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The Verbal Quest

  • Ilan Stavans

Abstract

For quite some time I have been interested in the link between language and religion—more specifically, in the search of a primal tongue that precedes all others, one whose virtue is not lessened by time. Can such a proto-language be at once divine and secular? Can its meaning and interpretation be standardized? My interest is also targeted toward translation: Would such a proto-language symbolize, once and for all, the abolition of the act of translation? Such miscellaneous questions rumbled in my mind not long ago, as I was reading two thought-provoking essays, one by the Mexican poet and essayist, Octavio Paz: “Edith Piaf Among the Pygmies”; the other: “The Ephemerality of Translation” by Ray Harris, an Oxford professor. While both share a common theme—the reaches and limitations of translation—their asymmetrical relationship is fascinating. Paz argues that the job of translating a text from one language to another is simply impossible. He offers as an example a television documentary he once saw about several Pygmies who heard Edith Piaf’s voice magically reproduced by a phonograph an ethnologist had turned on for them to hear. Whereas the ethnologists could identify with the song by the French pop singer, a song about jealousy and violent love, the Pygmies immediately became quite frightened: they covered their ears and ran away.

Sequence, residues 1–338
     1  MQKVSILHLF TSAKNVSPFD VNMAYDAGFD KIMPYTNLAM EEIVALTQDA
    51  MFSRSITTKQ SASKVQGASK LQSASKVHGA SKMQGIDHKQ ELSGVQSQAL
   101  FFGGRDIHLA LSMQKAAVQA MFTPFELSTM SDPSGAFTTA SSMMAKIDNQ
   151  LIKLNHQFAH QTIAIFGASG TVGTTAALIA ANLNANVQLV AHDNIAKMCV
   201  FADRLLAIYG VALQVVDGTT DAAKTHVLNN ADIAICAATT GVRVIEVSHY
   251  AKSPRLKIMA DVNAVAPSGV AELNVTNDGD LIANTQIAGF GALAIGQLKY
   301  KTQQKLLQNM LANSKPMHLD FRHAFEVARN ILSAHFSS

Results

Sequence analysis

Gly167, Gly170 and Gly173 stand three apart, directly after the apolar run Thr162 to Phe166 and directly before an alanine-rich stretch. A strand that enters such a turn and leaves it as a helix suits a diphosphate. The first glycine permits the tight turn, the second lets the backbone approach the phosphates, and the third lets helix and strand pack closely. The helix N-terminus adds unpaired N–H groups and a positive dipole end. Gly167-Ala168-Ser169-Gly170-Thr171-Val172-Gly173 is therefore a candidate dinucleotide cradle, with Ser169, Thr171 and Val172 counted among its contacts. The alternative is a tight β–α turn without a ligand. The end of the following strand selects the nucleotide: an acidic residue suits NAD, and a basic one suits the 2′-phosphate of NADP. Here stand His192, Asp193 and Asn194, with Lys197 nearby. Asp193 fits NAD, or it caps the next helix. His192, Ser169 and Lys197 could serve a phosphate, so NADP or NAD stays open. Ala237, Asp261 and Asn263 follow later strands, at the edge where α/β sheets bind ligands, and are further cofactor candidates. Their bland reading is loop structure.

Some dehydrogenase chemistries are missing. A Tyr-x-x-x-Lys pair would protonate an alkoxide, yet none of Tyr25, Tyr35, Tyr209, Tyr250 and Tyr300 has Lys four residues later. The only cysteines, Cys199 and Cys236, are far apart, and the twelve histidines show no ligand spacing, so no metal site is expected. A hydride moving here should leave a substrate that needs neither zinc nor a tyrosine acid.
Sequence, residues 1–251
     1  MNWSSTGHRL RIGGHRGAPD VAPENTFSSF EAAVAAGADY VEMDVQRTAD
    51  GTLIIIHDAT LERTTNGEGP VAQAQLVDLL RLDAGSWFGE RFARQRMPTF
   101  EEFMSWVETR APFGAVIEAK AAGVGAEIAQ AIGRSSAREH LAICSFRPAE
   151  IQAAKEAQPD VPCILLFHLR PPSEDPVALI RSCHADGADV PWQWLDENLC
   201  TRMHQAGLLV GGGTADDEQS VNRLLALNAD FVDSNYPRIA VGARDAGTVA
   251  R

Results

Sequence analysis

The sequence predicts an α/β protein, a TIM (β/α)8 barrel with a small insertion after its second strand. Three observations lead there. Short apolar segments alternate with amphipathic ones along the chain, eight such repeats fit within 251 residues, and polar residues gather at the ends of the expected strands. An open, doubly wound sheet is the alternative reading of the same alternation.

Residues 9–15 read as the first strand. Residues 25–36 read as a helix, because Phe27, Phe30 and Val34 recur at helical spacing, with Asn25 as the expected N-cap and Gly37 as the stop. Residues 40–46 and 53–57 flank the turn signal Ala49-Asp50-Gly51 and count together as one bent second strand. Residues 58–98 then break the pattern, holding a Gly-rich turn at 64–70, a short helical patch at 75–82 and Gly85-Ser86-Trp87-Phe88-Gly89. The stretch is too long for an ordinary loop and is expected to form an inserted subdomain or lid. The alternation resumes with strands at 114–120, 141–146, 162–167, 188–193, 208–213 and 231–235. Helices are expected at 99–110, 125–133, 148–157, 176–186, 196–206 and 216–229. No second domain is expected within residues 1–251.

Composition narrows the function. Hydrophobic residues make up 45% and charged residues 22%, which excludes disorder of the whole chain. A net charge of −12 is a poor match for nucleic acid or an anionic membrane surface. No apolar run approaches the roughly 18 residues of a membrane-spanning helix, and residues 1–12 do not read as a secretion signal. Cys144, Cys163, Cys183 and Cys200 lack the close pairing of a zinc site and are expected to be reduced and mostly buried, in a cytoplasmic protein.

Keywords

Universal Language Meaningful Language Verbal Quest Jewish Mystic Jewish Theological Seminary 
These keywords were added by machine and not by the authors. This process is experimental and the keywords may be updated as the learning algorithm improves.

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Copyright information

© Ilan Stavans 1996

Authors and Affiliations

  • Ilan Stavans

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